Oxford University admits Women for the 1st time
Oxford University would surely wish to be thought of as one of the great founts of liberal thought, yet women were not admitted to membership of the ancient institution until October 7 1920, getting on for two years after women in Britain had finally been given the right to vote .
There had of course been women's colleges established at Oxford in the second half of the 19th century: Somerville, Lady Margaret, St Hugh's, and St Hilda's. And women had graciously been allowed to attend certain lectures, and participate in selected examinations since 1884 . But idiotic prejudices take time to overcome, particularly where tradition and the cosy weight of history are behind them.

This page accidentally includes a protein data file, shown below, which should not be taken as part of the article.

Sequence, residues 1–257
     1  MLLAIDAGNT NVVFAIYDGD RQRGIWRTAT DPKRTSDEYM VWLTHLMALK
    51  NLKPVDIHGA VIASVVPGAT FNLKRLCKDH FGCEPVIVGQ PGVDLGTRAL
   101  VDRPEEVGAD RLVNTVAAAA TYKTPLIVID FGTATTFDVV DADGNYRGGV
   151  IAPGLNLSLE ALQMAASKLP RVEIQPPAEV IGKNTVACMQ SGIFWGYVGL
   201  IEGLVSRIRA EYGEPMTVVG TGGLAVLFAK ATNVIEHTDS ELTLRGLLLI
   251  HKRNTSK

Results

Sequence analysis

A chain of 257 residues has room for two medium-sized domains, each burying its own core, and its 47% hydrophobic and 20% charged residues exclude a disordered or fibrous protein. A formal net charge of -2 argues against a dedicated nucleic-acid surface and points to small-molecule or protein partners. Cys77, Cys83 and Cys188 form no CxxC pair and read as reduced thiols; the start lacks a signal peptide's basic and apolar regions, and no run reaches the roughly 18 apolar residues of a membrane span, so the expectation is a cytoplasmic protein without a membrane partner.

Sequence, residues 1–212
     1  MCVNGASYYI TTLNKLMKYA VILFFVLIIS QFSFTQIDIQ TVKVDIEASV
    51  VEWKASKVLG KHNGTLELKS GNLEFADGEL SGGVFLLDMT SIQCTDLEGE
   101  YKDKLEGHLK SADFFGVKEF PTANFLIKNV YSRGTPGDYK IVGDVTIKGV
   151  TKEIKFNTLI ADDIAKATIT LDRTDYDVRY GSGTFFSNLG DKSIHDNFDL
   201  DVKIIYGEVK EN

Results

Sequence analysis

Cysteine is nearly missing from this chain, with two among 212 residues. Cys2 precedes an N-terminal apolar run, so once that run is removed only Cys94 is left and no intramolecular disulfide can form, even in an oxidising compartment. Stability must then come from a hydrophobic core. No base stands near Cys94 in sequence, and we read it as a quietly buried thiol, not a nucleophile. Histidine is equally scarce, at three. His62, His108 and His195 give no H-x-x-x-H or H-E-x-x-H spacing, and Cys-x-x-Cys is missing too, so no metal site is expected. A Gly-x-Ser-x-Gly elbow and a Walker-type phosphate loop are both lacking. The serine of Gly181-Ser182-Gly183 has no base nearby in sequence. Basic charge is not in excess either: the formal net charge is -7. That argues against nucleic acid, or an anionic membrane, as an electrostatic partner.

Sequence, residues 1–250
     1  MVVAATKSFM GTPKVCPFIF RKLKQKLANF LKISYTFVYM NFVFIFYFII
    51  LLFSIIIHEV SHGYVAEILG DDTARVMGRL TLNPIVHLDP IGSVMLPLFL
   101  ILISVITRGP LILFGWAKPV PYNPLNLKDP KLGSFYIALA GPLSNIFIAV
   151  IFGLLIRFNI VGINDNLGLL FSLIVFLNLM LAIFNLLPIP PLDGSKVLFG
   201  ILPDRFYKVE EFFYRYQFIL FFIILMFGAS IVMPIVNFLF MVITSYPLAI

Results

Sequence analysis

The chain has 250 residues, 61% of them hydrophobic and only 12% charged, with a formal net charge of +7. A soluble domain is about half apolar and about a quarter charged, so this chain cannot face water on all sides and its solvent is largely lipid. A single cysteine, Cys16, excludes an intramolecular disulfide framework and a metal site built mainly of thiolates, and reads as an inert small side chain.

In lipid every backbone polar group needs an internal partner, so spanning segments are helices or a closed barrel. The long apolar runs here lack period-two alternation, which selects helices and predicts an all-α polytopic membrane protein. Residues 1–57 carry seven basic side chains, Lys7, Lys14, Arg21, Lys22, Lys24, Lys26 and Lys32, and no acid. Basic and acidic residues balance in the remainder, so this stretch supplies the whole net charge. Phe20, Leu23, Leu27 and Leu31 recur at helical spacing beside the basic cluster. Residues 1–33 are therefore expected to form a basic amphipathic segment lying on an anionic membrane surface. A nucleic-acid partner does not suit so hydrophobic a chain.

Old habits die hard, however. It was not until 1948 that the first female full professor was named, Agnes Headlam-Morley, a fellow of St Hugh's, who became Montague Burton Professor of International Relations in that year.
It is perhaps surprising that the last bastion of single sex membership should be female - St Hilda's only accepting male students from October 2008. But there is one more barrier still to be broken down by women at Oxford - there has yet to be a female Chancellor, in spite of Shirley Williams being hotly tipped by many to take the post in 2003.
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